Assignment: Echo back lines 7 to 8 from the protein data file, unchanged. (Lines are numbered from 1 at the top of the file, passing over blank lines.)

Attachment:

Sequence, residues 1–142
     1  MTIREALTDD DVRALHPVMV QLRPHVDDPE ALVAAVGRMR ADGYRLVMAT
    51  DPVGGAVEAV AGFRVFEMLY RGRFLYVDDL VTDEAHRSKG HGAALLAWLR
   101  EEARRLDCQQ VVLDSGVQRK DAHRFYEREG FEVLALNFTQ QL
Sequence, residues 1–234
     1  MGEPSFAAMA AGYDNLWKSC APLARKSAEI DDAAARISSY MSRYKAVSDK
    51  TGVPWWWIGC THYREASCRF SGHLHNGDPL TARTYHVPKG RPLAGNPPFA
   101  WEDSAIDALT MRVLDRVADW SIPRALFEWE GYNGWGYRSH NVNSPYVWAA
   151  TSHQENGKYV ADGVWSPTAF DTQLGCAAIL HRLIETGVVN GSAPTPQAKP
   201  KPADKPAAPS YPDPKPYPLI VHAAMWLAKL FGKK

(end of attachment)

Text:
    51  TGVPWWWIGC THYREASCRF SGHLHNGDPL TARTYHVPKG RPLAGNPPFA
   101  WEDSAIDALT MRVLDRVADW SIPRALFEWE GYNGWGYRSH NVNSPYVWAA